Fremont grapples with police pay, budget
By Matt Caulder
Published in News on May 26, 2013 1:50 AM
The mayor of Fremont formed a committee at the Board of Aldermen meeting Tuesday to discuss the possibility of appropriating more money for wages for the part-time officers who cover weekends in Fremont.
The committee, comprised of Mayor W. Darron Flowers, Alderman Annie Lewis and Alderman W.T. Smith, will meet Tuesday with Town Manager Kerrie McDuffie and Police Chief Paul Moats Jr. to discuss the possibility of increased funding for the department.
Part-time officers cover weekend shifts to keep the streets of Fremont under 24-hour patrol.
For the past several years, the police budget has scheduled $11,000 for part-time police pay.
However, significantly more than that was spent in past years due to the high number of officer turnover, which caused money budgeted for full-time salaries to be used for part-time officers to cover vacancies.
In the 2011-12 fiscal year, $11,000 was budgeted for part-time wages, $51,977 was spent.
And so for the 2013-14 fiscal year, Moats requested $26,000 for part-time wages.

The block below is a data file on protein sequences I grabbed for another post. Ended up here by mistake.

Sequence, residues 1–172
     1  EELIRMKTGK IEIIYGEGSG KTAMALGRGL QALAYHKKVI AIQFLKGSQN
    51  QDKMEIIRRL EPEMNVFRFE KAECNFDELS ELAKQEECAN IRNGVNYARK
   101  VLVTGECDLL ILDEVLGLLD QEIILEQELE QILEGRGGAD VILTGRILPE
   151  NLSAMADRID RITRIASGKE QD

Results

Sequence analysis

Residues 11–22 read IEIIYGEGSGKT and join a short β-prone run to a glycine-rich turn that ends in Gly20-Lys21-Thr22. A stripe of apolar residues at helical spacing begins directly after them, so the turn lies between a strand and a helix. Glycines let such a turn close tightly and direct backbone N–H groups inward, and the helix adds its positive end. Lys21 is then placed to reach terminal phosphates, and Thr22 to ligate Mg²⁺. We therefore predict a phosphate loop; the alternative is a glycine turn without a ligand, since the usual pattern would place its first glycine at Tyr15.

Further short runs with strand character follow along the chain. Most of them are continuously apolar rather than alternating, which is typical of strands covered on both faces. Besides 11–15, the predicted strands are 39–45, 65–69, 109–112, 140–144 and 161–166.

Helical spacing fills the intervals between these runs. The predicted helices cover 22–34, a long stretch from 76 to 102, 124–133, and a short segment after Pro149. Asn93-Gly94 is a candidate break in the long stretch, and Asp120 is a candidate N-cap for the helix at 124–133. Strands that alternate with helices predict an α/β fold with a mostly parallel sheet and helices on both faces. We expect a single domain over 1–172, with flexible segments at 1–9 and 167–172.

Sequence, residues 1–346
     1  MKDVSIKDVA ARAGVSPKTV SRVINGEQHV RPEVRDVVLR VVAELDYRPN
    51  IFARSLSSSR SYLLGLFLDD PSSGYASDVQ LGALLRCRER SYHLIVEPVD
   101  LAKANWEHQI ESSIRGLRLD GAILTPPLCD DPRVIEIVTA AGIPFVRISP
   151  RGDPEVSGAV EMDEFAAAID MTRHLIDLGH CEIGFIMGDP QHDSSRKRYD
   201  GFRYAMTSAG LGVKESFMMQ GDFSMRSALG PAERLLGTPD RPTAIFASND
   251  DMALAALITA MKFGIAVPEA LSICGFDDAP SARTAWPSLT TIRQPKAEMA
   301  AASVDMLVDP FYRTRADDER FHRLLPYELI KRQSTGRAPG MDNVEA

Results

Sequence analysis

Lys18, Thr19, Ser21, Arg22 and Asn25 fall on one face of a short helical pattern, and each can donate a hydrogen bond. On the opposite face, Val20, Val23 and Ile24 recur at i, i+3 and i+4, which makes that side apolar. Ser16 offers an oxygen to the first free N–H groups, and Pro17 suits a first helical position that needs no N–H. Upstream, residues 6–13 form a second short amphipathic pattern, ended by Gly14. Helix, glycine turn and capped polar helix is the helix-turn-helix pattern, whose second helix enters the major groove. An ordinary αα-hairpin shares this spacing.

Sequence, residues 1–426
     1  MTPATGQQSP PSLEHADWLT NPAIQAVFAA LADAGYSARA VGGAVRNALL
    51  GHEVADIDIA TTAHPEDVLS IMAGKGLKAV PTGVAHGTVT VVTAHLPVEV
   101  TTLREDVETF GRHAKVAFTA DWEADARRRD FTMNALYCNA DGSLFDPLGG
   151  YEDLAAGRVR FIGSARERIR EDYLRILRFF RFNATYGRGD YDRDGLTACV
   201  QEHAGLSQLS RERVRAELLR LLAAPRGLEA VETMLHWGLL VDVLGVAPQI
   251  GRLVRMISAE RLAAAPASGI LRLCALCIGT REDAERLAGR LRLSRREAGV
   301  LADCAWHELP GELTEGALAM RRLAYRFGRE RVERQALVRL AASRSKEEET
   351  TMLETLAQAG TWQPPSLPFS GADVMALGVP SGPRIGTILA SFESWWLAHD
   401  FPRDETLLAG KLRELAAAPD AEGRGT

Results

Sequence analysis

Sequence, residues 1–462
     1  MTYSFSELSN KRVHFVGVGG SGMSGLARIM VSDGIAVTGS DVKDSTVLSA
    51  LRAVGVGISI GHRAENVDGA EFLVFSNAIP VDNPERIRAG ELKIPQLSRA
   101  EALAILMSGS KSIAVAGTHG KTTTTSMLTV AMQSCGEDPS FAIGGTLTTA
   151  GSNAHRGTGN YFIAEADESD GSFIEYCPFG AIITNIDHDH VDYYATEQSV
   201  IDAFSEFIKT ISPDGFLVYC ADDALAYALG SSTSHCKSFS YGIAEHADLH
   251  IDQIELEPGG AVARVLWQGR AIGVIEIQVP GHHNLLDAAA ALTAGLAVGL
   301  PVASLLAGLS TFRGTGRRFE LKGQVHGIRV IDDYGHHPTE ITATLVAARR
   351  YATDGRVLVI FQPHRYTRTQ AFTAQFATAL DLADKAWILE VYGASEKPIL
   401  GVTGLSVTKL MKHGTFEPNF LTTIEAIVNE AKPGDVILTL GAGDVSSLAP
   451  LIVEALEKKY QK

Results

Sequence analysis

However, only $18,000 has been recommended -- an $8,000 difference that is currently planned to be used to cover payments on the two new police cars the town recently bought.
But while McDuffie says $18,000 is more than enough to keep at least one officer on duty at all times, Moats' concern is officer safety on the "high crime" nights of Thursday through Saturday.
Moats says he wants to have more than one officer on duty those nights so that backup is right around the corner as opposed to a Wayne County Sheriff's deputy 20 minutes away.
To have an officer on duty 24 hours a day every day, accounting for sick time, training, vacation, events such as the Daffodil Festival, and court dates takes about 800 part-time hours, said McDuffie.
At the current pay rate for part-time officers of $14.23 per hour, he explained, the proposed $18,000 would allow for slightly more than 1,200 hours of part-time work -- an amount that he the other town officials who worked on the budget believe to be sufficient.
Still, Moats said, he is concerned that having a smaller police presence on Fremont's streets will reverse the noticeable reductions in the crime rate in recent years.